So, from the end-consumer perspective, from that angle, it’s super important to still continue doing that. And the other point of view is governments around the world that are also implementing regulations and company need to start providing information and reports of how sustainable they are. So, customers that they are not doing anything today, they’re going to have to start paying penalties or taxes or other implementation that governments are going to have, right? So, I think that not only the supply chain executives are looking into this, I will say that all the C-suite is seriously considering doing a lot of things from a sustainability perspective.

Kevin L. Jackson (23:41):

Well, we started off this conversation talking about some of the history and the fact that all these supply chains broke because they were too brittle. Where does resilience play? Is it just too brittle to have these outsourced global links? How does, you know, the chief supply chain officers create, build and sustain, in a sustainable manner, a resilient supply chain?

Jose Paredes Hernandez (24:13):

Yeah, absolutely. Well, I think the few steps that they need to do to make, to embed resiliency in the supply chain, is number one, I think that they need to, in every decision that they’re taking going forward, supply chain needs to be part of the conversation. It’s no longer about what I want to do from an end consumer perspective, from a B2B or B2C, or how I am producing the products. Supply chain needs to be always in the heart of those conversations so that way you can create end-to-end business processes. The other key area is today’s sustainability has one important component. Everything that we do, depending of the angle that we are taking, is going to help us to create some sustainable ways of doing it and make it more viable for the planet and for the products that we’re producing.

Jose Paredes Hernandez (25:15):

The other area that is really important is the extended collaboration and trust across all the different players in the supply chain internally and externally. Companies that are not considering their partners or the suppliers’ strategic components of the supply chain, they are putting their organization at risk and their reputation at risk.

Kevin L. Jackson (25:46):


Jose Paredes Hernandez (25:46):

Okay. And I will say finally that it is important that they consider the adoption of technologies or the intelligent technologies to support all the activities across the supply chain. As I mentioned before, AI is a very important component to provide data in size and make agile decisions to reduce risk and identify situations that could happen, right? And then, the other area from a technology perspective is to provide intelligent insights, information to humans so that way they are also able to identify situations and also to empower them to take decisions and actions in timely matters.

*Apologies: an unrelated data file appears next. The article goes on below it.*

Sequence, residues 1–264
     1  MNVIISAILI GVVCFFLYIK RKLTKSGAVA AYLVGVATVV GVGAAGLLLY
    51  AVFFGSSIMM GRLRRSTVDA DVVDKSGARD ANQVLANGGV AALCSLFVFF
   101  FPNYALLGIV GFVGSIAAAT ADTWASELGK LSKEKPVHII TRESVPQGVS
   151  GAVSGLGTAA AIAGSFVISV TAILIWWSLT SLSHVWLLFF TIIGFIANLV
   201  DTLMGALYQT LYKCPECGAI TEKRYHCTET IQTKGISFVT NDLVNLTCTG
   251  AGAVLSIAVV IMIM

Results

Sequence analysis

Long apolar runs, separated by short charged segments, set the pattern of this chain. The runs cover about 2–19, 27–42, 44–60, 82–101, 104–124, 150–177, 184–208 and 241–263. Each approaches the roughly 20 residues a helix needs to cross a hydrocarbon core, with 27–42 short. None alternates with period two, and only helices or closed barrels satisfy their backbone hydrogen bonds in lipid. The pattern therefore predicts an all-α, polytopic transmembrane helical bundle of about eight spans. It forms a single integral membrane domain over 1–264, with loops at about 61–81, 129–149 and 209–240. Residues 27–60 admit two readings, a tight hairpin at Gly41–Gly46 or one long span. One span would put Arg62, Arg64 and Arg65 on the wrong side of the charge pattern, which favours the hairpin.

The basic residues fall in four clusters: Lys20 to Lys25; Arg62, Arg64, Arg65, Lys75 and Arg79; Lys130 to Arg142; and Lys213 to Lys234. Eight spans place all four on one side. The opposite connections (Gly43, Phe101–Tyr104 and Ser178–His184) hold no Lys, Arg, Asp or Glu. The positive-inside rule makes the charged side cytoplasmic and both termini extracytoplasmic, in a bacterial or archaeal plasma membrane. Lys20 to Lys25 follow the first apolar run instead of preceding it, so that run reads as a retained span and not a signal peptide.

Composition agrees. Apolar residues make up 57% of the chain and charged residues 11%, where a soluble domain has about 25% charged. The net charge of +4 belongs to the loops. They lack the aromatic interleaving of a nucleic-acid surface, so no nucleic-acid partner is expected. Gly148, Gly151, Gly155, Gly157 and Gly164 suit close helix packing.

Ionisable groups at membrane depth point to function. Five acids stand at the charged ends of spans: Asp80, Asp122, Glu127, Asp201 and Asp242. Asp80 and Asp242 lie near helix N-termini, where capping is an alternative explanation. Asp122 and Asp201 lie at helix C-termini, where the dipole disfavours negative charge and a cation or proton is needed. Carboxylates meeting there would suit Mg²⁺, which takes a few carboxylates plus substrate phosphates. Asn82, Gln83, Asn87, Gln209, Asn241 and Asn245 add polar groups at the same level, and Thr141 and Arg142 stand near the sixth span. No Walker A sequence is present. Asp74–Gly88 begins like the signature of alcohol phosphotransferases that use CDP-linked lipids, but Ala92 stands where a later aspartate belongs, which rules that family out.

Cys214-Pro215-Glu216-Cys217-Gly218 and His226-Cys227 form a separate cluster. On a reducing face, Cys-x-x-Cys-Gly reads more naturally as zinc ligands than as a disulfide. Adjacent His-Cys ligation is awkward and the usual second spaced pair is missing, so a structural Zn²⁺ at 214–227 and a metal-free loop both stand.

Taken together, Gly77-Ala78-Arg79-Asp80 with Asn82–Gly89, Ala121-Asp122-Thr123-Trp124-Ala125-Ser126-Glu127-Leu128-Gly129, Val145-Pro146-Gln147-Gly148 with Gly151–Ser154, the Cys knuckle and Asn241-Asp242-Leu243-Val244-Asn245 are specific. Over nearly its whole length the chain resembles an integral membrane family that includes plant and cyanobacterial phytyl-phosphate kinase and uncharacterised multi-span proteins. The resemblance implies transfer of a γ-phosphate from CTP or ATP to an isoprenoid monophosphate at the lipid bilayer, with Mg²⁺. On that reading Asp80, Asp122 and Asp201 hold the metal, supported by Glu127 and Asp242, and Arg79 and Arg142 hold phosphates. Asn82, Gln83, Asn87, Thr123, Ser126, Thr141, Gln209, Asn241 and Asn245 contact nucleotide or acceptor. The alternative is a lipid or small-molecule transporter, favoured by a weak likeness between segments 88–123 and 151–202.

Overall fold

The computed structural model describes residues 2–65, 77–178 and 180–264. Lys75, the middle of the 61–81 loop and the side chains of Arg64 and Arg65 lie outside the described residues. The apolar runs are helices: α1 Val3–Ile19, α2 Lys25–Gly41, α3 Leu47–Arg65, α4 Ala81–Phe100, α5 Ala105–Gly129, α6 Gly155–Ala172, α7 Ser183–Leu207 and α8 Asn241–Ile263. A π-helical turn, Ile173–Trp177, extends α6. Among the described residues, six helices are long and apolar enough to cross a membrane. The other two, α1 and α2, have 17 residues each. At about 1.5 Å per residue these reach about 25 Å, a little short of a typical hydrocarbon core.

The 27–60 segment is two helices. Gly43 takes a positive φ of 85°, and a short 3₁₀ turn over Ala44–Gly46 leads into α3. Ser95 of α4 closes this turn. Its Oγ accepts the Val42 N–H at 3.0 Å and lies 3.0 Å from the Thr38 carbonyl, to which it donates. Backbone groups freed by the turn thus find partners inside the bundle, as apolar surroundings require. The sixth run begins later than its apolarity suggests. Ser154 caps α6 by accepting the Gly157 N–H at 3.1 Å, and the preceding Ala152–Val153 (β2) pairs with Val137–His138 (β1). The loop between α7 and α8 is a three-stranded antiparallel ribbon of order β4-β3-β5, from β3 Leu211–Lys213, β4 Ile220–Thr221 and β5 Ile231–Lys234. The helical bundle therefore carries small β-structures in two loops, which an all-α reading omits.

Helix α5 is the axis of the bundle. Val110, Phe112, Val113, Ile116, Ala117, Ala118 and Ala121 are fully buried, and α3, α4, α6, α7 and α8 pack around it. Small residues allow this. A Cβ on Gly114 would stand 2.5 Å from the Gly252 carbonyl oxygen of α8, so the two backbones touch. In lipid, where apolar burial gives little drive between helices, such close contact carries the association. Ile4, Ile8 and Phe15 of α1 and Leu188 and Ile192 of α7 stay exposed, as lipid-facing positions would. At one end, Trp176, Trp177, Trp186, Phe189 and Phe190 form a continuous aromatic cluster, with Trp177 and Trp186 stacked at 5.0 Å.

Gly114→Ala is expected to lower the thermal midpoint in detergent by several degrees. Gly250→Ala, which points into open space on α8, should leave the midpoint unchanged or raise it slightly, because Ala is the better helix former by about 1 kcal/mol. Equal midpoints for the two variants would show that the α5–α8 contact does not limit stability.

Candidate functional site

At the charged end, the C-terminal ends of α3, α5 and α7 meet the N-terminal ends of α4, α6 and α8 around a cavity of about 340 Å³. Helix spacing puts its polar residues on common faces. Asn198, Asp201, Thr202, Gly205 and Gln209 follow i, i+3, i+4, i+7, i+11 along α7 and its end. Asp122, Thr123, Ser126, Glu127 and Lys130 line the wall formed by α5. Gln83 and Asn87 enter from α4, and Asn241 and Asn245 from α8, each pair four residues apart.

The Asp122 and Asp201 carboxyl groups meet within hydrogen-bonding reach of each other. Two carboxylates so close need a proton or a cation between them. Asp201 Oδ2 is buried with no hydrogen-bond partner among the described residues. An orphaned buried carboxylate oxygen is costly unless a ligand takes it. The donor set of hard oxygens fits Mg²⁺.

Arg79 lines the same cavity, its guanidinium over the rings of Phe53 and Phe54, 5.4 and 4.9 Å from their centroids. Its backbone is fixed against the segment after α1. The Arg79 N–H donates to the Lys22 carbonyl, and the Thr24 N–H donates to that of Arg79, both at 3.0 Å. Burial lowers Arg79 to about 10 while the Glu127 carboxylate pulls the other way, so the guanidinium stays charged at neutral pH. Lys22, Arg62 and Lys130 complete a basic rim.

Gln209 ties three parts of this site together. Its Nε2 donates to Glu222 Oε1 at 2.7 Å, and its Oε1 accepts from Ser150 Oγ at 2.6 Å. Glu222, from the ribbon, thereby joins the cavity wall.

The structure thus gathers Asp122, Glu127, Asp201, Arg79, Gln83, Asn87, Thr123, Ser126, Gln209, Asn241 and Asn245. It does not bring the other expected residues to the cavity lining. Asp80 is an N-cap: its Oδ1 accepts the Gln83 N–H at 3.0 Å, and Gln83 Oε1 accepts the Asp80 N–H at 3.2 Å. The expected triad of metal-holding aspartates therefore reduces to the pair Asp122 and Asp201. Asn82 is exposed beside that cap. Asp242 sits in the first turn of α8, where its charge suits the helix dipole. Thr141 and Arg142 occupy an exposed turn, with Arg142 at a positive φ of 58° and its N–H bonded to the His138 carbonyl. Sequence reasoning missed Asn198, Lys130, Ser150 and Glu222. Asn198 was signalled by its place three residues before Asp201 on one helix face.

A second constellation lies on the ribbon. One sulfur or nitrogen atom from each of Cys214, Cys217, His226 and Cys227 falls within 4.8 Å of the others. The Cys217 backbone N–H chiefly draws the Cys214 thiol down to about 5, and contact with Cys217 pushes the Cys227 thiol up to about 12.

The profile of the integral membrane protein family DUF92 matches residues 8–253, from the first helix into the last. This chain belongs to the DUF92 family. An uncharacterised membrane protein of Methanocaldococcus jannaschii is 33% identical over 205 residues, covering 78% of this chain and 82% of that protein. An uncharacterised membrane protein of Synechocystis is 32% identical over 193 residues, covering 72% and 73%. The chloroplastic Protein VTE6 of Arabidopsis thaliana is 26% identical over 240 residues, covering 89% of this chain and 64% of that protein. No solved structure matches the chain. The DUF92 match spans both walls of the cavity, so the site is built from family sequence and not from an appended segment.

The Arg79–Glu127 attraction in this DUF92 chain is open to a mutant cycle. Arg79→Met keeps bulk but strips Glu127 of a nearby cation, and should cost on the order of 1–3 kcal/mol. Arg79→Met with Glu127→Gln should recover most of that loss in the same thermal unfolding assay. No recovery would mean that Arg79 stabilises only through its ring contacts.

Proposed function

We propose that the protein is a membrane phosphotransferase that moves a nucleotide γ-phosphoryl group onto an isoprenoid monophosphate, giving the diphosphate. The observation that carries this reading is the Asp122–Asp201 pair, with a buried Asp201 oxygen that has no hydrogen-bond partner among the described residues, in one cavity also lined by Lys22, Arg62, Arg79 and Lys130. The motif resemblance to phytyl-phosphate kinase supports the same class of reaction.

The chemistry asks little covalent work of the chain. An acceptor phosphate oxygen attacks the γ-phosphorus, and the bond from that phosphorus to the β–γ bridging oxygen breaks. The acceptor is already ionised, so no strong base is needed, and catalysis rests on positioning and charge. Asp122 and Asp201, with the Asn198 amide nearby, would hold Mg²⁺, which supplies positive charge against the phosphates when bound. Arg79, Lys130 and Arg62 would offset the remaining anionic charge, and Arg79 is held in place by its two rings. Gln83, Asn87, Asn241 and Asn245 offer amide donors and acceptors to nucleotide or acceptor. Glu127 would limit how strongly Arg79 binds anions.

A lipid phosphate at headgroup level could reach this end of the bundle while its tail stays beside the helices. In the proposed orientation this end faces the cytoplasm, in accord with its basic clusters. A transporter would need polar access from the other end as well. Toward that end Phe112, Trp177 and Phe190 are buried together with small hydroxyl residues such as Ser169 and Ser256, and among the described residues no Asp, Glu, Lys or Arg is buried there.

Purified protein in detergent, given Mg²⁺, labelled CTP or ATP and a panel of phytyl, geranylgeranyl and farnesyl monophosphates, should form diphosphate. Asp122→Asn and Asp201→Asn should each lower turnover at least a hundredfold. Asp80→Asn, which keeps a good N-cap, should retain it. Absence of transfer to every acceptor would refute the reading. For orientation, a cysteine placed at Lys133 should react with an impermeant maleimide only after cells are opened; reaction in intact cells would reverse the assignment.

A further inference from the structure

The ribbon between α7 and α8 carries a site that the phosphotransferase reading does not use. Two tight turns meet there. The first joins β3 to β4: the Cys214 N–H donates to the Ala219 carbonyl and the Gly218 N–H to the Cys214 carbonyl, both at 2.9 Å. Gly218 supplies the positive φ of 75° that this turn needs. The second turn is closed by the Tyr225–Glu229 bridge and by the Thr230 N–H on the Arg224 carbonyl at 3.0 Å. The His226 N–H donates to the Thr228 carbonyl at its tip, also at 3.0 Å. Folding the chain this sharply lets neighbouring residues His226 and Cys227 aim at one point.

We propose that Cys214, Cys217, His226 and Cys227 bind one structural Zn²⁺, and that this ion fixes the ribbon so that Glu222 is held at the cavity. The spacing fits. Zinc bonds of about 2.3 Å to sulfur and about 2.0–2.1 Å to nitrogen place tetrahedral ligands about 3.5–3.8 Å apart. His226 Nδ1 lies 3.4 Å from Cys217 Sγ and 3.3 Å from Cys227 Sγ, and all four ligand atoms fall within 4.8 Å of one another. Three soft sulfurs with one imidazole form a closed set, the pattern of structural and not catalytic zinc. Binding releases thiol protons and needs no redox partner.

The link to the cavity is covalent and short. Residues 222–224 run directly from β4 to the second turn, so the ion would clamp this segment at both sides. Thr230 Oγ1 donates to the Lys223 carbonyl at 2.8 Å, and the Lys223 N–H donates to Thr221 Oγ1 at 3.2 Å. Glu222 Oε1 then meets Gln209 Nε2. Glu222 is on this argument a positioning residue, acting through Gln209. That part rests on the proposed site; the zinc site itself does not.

Kevin L. Jackson (26:37):

Wow. Fascinating. You’re really giving us some great insight into the consumer industry and how in intelligent workflows can really support digital transformation. I know you have a very busy schedule this week, and I really appreciate you coming and spending some time. How could people reach out to learn more about how IBM and SAP really work together to support the digital transformation of their customer?

Jose Paredes Hernandez (27:08):

Yeah. Well, absolutely. For the next two days, I’m going to be in the IBM booth so they can find me over there if people are watching this conversation in the next two days, but they can definitely get more information at They also can look into my LinkedIn profile and there is a lot of information, and of course, they can send me a message through LinkedIn, and I will be more than happy to reach out to them and have a conversation about it.

Kevin L. Jackson (27:41):

Thank you. Thank you very much. With that end, we’re going to end another episode of Digital Transformers. I’ll tell you Jose and his team are really transforming the consumer industry marketplace with SAP leveraging AI in order to enhance the human in this entire process, focused on sustainability and resilient supply chains. So, thank you very much, and we’ll see you next time on Supply Chain Now and Digital Transformers.

Intro/Outro (28:17):

Thank you for supporting Digital Transformers and for being a part of our global Supply Chain Now community. Please check out all of our programming at Make sure you subscribe to Digital Transformers anywhere you listen to or view the show, and follow us on Facebook, LinkedIn, Twitter, and Instagram. See you next time on Digital Transformers.

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Jose Paredes Hernandez is a Global SAP Consumer Industry Leader & Distinguished Engineer with IBM Consulting. He is an accomplished enterprise technology executive with proven experience delivering results at the highest levels in Fortune 500 corporations. Expert in leading comprehensive transformations of GTM and global services organizations. Strategic decision-maker who shapes the culture of organizations, recognized for building industry-leading teams that deliver world-class results. Continue to act as an adviser to senior client executives at strategic and global accounts. Connect with Jose on LinkedIn.